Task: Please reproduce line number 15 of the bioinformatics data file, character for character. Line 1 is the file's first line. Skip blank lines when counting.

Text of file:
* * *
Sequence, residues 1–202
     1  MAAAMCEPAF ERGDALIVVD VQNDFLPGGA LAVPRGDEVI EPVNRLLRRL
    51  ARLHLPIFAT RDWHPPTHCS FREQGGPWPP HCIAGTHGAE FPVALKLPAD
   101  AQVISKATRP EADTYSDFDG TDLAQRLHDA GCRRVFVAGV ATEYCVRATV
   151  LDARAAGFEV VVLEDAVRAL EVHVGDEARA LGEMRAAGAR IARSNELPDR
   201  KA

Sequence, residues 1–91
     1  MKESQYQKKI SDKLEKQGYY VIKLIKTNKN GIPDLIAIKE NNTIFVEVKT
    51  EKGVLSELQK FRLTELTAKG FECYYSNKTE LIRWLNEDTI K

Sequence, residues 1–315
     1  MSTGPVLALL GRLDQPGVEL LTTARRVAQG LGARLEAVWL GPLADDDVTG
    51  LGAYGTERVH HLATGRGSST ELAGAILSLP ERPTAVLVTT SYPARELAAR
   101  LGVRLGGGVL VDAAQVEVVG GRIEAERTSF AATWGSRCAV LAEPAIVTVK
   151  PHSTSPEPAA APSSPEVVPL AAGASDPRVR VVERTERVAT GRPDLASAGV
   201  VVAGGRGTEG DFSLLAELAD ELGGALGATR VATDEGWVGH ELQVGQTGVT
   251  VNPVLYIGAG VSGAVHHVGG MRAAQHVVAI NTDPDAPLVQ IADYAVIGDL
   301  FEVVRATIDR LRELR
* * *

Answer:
   201  VVAGGRGTEG DFSLLAELAD ELGGALGATR VATDEGWVGH ELQVGQTGVT